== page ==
# Random Subspace Classification

This example shows how to use a random subspace ensemble to increase the accuracy of classification. It also shows how to use cross validation to determine good parameters for both the weak learner template and the ensemble.

### Load the data

Load the `ionosphere` data. This data has 351 binary responses to 34 predictors.

```load ionosphere; [N,D] = size(X)```
```N = 351 ```
```D = 34 ```
`resp = unique(Y)`
```resp = 2x1 cell {'b'} {'g'} ```

### Choose the number of nearest neighbors

Find a good choice for `k`, the number of nearest neighbors in the classifier, by cross validation. Choose the number of neighbors approximately evenly spaced on a logarithmic scale.

```rng(8000,'twister') % for reproducibility K = round(logspace(0,log10(N),10)); % number of neighbors cvloss = zeros(numel(K),1); for k=1:numel(K) knn = fitcknn(X,Y,... 'NumNeighbors',K(k),'CrossVal','On'); cvloss(k) = kfoldLoss(knn); end figure; % Plot the accuracy versus k semilogx(K,cvloss); xlabel('Number of nearest neighbors'); ylabel('10 fold classification error'); title('k-NN classification');``` The lowest cross-validation error occurs for `k = 2`.

### Create the ensembles

Create ensembles for `2`-nearest neighbor classification with various numbers of dimensions, and examine the cross-validated loss of the resulting ensembles.

This step takes a long time. To keep track of the progress, print a message as each dimension finishes.

```NPredToSample = round(linspace(1,D,10)); % linear spacing of dimensions cvloss = zeros(numel(NPredToSample),1); learner = templateKNN('NumNeighbors',2); for npred=1:numel(NPredToSample) subspace = fitcensemble(X,Y,'Method','Subspace','Learners',learner, ... 'NPredToSample',NPredToSample(npred),'CrossVal','On'); cvloss(npred) = kfoldLoss(subspace); fprintf('Random Subspace %i done.\n',npred); end```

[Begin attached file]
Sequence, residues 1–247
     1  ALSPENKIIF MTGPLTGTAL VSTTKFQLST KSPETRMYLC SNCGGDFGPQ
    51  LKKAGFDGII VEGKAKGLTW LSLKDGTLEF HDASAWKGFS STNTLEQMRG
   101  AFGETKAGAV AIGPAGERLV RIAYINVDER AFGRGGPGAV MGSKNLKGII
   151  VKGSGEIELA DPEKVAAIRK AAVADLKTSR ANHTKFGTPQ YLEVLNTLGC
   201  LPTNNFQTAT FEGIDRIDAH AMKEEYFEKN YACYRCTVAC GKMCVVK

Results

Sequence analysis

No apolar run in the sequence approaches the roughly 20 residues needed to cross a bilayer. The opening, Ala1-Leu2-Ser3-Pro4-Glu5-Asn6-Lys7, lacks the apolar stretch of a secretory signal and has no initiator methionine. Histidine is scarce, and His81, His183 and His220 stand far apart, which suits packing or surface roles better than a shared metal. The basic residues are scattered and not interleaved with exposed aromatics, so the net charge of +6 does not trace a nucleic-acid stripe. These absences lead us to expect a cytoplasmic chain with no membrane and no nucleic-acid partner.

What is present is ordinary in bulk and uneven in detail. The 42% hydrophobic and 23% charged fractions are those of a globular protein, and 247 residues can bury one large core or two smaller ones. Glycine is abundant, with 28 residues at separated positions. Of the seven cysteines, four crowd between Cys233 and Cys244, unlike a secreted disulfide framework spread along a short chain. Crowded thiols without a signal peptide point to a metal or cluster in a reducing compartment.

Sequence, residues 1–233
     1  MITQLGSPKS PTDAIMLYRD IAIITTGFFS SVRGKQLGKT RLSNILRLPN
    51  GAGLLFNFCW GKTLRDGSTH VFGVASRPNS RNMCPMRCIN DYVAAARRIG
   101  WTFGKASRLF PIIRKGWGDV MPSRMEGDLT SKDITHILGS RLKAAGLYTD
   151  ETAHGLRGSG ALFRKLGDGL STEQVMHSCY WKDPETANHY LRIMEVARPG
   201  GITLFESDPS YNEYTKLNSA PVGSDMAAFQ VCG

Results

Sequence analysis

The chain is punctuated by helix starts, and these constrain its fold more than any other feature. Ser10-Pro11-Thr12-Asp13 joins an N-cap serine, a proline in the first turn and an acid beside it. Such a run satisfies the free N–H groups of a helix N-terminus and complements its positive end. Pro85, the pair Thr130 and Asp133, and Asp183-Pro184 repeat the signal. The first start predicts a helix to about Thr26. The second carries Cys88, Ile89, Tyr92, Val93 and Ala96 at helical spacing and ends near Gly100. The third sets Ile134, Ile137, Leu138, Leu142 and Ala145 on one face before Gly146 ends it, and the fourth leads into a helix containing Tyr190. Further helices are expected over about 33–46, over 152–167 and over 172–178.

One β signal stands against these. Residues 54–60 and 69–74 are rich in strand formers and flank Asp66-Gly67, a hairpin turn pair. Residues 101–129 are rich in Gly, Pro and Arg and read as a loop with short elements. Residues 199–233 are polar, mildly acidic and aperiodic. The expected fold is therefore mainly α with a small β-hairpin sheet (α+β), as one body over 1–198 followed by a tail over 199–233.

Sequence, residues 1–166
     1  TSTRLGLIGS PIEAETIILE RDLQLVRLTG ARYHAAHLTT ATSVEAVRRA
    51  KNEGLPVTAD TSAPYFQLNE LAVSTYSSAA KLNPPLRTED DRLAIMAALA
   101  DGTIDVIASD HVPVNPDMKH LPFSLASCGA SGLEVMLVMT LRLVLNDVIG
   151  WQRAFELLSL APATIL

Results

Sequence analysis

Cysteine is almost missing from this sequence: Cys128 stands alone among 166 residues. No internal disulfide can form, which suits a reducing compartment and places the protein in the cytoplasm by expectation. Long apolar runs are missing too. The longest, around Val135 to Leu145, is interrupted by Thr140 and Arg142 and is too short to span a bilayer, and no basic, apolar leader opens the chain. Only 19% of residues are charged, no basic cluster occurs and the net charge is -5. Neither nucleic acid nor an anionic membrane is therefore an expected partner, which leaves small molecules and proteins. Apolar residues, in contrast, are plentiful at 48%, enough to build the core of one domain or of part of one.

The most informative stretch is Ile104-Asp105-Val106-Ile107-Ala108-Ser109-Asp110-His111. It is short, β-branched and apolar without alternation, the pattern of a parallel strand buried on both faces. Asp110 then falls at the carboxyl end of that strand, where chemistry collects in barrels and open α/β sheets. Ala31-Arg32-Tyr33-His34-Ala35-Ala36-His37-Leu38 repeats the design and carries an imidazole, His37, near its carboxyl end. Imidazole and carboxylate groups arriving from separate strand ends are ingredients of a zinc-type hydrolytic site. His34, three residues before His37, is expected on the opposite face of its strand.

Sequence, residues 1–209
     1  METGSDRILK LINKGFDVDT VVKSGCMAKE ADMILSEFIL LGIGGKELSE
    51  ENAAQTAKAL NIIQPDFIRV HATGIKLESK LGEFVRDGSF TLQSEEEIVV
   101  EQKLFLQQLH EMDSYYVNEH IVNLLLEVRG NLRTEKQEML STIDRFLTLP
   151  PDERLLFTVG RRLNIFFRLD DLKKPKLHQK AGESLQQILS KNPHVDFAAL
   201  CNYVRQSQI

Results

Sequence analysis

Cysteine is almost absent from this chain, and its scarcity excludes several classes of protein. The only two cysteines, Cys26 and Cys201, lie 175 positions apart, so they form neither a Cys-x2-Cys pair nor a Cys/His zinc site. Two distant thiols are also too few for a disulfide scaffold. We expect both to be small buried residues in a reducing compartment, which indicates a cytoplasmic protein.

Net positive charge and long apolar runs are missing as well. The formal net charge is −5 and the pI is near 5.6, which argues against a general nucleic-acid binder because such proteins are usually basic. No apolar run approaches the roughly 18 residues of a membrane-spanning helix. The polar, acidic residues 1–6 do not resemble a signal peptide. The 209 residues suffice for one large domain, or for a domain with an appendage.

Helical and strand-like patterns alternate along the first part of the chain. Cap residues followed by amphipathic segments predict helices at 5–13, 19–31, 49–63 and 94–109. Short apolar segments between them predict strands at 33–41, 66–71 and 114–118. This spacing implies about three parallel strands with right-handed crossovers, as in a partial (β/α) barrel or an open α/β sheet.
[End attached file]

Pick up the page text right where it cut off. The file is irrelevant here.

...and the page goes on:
```Random Subspace 1 done. Random Subspace 2 done. Random Subspace 3 done. Random Subspace 4 done. Random Subspace 5 done. Random Subspace 6 done. Random Subspace 7 done. Random Subspace 8 done. Random Subspace 9 done. Random Subspace 10 done. ```
```figure; % plot the accuracy versus dimension plot(NPredToSample,cvloss); xlabel('Number of predictors selected at random'); ylabel('10 fold classification error'); title('k-NN classification with Random Subspace');``` The ensembles that use five and eight predictors per learner have the lowest cross-validated error. The error rate for these ensembles is about 0.06, while the other ensembles have cross-validated error rates that are approximately 0.1 or more.

### Find a good ensemble size

Find the smallest number of learners in the ensemble that still give good classification.

```ens = fitcensemble(X,Y,'Method','Subspace','Learners',learner, ... 'NPredToSample',5,'CrossVal','on'); figure; % Plot the accuracy versus number in ensemble plot(kfoldLoss(ens,'Mode','Cumulative')) xlabel('Number of learners in ensemble'); ylabel('10 fold classification error'); title('k-NN classification with Random Subspace');``` There seems to be no advantage in an ensemble with more than 50 or so learners. It is possible that 25 learners gives good predictions.

### Create a final ensemble

Construct a final ensemble with 50 learners. Compact the ensemble and see if the compacted version saves an appreciable amount of memory.

```ens = fitcensemble(X,Y,'Method','Subspace','NumLearningCycles',50,... 'Learners',learner,'NPredToSample',5); cens = compact(ens); s1 = whos('ens'); s2 = whos('cens'); [s1.bytes s2.bytes] % si.bytes = size in bytes```
```ans = 1×2 1748675 1518820 ```

The compact ensemble is about 10% smaller than the full ensemble. Both give the same predictions.